Re: Training Execs for Int'l LO2234

Bernard Girard (
Wed, 26 Jul 1995 09:09:07 +0000

Carole-Ann Ogdin writes in LO2201

>2. For all the times I've been in London, sometimes for several weeks
> at a time, I've never seen the inside of a residence. People may ask
> what I'm going to be doing ("Oh, just staring at the hotel walls,"
> delivered wistfully.), and may invite me to a restaurant...
> but never at home. Hard to make more than business acquaintanceships
> that way. (And, no, I don't wear muddy boots, spit on the floor, or
> appear to be *too* unkempt in my personal habits! %^) )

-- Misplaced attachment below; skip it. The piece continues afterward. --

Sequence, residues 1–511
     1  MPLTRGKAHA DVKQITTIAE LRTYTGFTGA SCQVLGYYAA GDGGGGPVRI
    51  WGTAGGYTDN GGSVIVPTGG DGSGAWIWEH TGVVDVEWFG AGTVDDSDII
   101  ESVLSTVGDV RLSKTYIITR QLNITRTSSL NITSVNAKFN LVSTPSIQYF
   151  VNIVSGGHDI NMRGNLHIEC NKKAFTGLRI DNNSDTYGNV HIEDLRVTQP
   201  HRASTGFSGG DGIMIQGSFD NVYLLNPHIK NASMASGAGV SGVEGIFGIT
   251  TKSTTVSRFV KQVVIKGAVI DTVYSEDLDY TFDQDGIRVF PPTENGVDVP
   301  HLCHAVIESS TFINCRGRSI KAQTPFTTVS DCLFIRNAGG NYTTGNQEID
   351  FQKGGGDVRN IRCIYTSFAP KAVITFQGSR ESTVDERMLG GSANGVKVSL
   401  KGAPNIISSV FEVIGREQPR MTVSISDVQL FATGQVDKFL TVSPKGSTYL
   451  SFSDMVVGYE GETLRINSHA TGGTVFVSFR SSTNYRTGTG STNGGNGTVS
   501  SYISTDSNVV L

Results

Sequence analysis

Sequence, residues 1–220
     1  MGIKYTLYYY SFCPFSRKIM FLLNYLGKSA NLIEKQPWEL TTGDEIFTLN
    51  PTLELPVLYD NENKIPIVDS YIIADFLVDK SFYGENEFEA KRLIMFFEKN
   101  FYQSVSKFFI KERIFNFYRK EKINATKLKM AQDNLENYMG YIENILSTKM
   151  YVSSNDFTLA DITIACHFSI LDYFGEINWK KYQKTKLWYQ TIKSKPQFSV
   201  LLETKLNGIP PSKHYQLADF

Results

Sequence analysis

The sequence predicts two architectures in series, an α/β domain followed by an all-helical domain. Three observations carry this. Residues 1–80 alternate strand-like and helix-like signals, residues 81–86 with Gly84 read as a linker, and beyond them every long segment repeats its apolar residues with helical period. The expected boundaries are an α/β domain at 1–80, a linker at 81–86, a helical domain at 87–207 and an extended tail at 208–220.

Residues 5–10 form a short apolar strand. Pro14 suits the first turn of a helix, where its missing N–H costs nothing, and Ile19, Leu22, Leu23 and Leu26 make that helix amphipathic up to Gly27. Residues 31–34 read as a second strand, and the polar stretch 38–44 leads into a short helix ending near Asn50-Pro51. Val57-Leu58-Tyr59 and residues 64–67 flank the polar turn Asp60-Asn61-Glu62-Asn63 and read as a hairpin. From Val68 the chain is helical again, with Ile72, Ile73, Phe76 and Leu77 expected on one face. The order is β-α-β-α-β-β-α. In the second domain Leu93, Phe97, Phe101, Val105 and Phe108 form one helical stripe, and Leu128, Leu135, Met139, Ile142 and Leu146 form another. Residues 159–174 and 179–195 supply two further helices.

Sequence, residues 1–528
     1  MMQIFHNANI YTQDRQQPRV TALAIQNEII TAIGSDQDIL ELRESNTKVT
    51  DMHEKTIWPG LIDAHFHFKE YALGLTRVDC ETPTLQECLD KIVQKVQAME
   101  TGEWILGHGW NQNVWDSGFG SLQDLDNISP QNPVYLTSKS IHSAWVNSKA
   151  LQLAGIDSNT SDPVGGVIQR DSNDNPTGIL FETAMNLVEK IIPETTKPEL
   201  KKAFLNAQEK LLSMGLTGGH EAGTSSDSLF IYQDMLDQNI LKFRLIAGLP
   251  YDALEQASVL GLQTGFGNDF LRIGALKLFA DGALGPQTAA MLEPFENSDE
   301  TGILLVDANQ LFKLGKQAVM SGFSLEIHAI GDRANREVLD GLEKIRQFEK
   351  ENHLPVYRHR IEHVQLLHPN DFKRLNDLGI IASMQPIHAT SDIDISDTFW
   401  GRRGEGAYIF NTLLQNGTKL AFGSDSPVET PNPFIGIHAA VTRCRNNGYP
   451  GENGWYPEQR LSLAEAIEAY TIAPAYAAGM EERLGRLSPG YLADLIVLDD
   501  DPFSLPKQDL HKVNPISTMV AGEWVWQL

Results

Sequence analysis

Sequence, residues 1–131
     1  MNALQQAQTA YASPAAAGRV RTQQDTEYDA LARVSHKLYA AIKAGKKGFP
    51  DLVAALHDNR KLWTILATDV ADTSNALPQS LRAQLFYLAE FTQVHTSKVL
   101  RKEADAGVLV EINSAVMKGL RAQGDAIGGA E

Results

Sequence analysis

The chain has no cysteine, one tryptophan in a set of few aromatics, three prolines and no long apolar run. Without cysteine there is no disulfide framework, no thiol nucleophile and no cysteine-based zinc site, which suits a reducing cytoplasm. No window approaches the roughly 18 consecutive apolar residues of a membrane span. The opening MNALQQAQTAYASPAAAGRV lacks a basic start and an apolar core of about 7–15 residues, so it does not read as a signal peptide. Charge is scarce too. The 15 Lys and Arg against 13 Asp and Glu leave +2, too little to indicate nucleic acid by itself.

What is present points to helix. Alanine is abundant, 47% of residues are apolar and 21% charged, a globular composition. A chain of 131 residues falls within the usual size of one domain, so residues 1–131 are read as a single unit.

> Maybe those in the "herds" need to be invited. How 'bout an
> "Invite a Colonial to Dinner" week?

I had the same experience in Japan. But why should we expect people to
invite us in their home? We have different social behaviors. And it's a
mistake often done to see some discrimination where there is none. British
don't invite people home the way you do in the states. That's all. They
don't see their house the way you do, they don't "live" the way you do,
the way I do. What's true of the house, is true of a lot of things, of
drinking manners, for instance. Between Paris and London there is only 45
minutes but we feel and are very different. At 7 PM you see a lot of
people in pubs in London. They enjoy drinking a glass of beer (gin=8A)
together after work. We don't d= o that in Paris. Never. At least in the
middle class. These differences are a good thing. We should preserve
them.It's not so easy=

Bernard Girard